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Original Investigation
July 19, 2021

Association of Cycling With All-Cause and Cardiovascular Disease Mortality Among Persons With Diabetes: The European Prospective Investigation Into Cancer and Nutrition (EPIC) Study

Author Affiliations
  • 1Centre for Physical Activity Research, Rigshospitalet, Copenhagen, Denmark
  • 2University of Southern Denmark, Odense, Denmark
  • 3Bispebjerg and Frederiksberg Hospital, Frederiksberg, Denmark
  • 4Aalborg Thrombosis Research Unit, Aalborg University, Aalborg, Denmark
  • 5Department of Cardiology, Aalborg University Hospital, Aalborg, Denmark
  • 6Aarhus University, Aarhus, Denmark
  • 7German Cancer Research Center (DKFZ), Heidelberg, Germany
  • 8Danish Cancer Society, Copenhagen, Denmark
  • 9Imperial College London, London, England, United Kingdom
  • 10University of Ioannina School of Medicine, Ioannina, Greece
  • 11University of Oxford, Oxford, England, United Kingdom
  • 12University Naples Federico II, Naples, Italy
  • 13Prevention and Clinical Network (ISPRO), Florence, Italy
  • 14Fondazione IRCCS Istituto Nazionale dei Tumori di Milano, Milan, Italy
  • 15International Agency for Research on Cancer, Lyon, France
  • 16German Institute of Human Nutrition Potsdam-Rehbruecke, Nuthetal, Germany
  • 17National Institute for Public Health and the Environment, Utrecht, the Netherlands
  • 18Utrecht University, Utrecht, the Netherlands
  • 19Bellvitge Biomedical Research Institute (IDIBELL), Barcelona, Spain
  • 20Biomedical Research Institute of Murcia(IMIB-Arrixaca), Murcia, Spain
  • 21CIBER Epidemiología y Salud Pública (CIBERESP), Madrid, Spain
  • 22University of Antioquia, Medellín, Colombia
  • 23Department of Molecular Epidemiology, German Institute of Human Nutrition Potsdam-Rehbruecke, Nuthetal, Germany
  • 24German Center for Diabetes Research (DZD), Neuherberg, Germany
  • 25Institute of Nutritional Science, University of Potsdam, Nuthetal, Germany
  • 26Public Health Institute of Navarra, Navarra, Spain
  • 27Navarra Institute for Health Research, Navarra, Spain
  • 28Western Norway University of Applied Sciences, Bergen, Norway
  • 29University of Cambridge, Cambridge, England, United Kingdom
JAMA Intern Med. 2021;181(9):1196-1205. doi:10.1001/jamainternmed.2021.3836
Key Points

Question  Is cycling associated with risk of all-cause and cardiovascular disease mortality among persons with diabetes?

Findings  In this cohort study of 7459 persons with diabetes, cycling was associated with at least a 24% lower all-cause mortality rate when compared with noncyclists, independent of other physical activity and putative confounders. Taking up cycling over a 5-year period was associated with at least a 35% lower risk of all-cause mortality when compared with consistent noncyclists.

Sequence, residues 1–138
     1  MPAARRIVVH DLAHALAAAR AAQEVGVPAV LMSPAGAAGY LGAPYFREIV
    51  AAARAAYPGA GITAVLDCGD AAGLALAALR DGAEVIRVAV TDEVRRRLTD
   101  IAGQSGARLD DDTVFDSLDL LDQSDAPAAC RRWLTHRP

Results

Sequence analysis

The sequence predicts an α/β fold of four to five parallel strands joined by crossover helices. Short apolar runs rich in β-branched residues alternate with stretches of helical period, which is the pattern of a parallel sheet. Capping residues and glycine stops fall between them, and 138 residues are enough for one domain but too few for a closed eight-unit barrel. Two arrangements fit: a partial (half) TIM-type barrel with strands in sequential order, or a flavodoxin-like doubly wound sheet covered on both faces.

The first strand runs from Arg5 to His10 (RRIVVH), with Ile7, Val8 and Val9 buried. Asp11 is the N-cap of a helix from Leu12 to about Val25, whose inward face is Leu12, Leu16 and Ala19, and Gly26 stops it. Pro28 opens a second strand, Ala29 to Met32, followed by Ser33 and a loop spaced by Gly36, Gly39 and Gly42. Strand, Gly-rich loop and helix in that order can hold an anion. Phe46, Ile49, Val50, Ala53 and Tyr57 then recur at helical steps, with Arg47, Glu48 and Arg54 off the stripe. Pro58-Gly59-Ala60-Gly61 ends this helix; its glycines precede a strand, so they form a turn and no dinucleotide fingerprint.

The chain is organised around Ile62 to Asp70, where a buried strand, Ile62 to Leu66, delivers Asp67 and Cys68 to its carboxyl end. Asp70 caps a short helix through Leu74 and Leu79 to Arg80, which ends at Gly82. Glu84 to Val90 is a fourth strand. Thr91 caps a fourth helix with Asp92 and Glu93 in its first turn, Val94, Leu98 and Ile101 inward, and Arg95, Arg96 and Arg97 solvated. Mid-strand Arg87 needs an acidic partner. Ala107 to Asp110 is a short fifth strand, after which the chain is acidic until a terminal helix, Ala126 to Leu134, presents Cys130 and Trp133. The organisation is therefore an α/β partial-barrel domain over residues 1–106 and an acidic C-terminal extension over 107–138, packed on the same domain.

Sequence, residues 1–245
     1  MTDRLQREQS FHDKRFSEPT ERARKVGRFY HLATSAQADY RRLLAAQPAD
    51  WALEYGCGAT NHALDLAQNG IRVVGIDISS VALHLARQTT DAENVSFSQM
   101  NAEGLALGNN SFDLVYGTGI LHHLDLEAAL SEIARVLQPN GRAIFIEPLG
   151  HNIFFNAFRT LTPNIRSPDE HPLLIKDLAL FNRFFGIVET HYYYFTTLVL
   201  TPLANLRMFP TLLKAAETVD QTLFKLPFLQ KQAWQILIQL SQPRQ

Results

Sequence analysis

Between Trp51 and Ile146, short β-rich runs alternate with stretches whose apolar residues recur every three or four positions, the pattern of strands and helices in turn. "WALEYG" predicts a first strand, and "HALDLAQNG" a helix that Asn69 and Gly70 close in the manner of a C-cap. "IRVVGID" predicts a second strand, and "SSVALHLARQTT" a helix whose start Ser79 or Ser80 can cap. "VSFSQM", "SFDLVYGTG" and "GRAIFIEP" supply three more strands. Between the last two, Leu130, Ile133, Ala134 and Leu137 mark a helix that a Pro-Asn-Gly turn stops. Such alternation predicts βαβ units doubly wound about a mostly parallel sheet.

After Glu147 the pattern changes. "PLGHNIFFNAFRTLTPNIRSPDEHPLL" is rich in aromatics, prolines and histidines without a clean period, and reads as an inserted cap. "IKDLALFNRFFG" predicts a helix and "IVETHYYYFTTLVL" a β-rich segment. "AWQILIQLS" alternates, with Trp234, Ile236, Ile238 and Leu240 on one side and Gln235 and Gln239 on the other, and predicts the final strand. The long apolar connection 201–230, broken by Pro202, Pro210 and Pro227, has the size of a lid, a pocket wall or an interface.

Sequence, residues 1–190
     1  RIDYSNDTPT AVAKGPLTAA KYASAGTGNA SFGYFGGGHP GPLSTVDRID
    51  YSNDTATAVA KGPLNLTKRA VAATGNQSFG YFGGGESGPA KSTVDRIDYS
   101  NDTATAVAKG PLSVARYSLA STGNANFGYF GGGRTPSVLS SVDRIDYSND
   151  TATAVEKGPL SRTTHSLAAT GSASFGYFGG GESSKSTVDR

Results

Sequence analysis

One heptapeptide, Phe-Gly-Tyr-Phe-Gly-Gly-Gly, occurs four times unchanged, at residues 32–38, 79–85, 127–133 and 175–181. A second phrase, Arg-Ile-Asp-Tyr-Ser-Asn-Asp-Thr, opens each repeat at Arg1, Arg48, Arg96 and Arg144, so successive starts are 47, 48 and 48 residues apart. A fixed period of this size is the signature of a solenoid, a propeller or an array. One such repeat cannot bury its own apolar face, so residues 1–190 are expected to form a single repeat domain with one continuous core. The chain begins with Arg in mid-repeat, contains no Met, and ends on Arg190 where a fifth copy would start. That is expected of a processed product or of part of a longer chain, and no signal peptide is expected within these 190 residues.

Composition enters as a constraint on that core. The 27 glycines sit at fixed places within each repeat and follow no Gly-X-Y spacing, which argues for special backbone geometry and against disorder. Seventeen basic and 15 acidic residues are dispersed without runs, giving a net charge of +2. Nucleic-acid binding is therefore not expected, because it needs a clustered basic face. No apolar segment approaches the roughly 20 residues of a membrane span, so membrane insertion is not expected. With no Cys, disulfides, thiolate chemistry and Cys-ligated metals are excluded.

Meaning  Cycling could be encouraged as an activity for persons with diabetes to lower the risk of premature mortality.

Abstract

Importance  Premature death from all causes and cardiovascular disease (CVD) causes is higher among persons with diabetes.

Objective  To investigate the association between time spent cycling and all-cause and CVD mortality among persons with diabetes, as well as to evaluate the association between change in time spent cycling and risk of all-cause and CVD mortality.

Design, Setting, and Participants  This prospective cohort study included 7459 adults with diabetes from the European Prospective Investigation into Cancer and Nutrition study. Questionnaires regarding medical history, sociodemographic, and lifestyle information were administered in 10 Western European countries from 1992 through 2000 (baseline examination) and at a second examination 5 years after baseline. A total of 5423 participants with diabetes completed both examinations. The final updated primary analysis was conducted on November 13, 2020.

Exposures  The primary exposure was self-reported time spent cycling per week at the baseline examination. The secondary exposure was change in cycling status from baseline to the second examination.

Main Outcomes and Measures  The primary and secondary outcomes were all-cause and CVD mortality, respectively, adjusted for other physical activity modalities, diabetes duration, and sociodemographic and lifestyle factors.

Results  Of the 7459 adults with diabetes included in the analysis, the mean (SD) age was 55.9 (7.7) years, and 3924 (52.6%) were female. During 110 944 person-years of follow-up, 1673 deaths from all causes were registered. Compared with the reference group of people who reported no cycling at baseline (0 min/wk), the multivariable-adjusted hazard ratios for all-cause mortality were 0.78 (95% CI, 0.61-0.99), 0.76 (95% CI, 0.65-0.88), 0.68 (95% CI, 0.57-0.82), and 0.76 (95% CI, 0.63-0.91) for cycling 1 to 59, 60 to 149, 150 to 299, and 300 or more min/wk, respectively. In an analysis of change in time spent cycling with 57 802 person-years of follow-up, a total of 975 deaths from all causes were recorded. Compared with people who reported no cycling at both examinations, the multivariable-adjusted hazard ratios for all-cause mortality were 0.90 (95% CI, 0.71-1.14) in those who cycled and then stopped, 0.65 (95% CI, 0.46-0.92) in initial noncyclists who started cycling, and 0.65 (95% CI, 0.53-0.80) for people who reported cycling at both examinations. Similar results were observed for CVD mortality.

Conclusion and Relevance  In this cohort study, cycling was associated with lower all-cause and CVD mortality risk among people with diabetes independent of practicing other types of physical activity. Participants who took up cycling between the baseline and second examination had a considerably lower risk of both all-cause and CVD mortality compared with consistent noncyclists.

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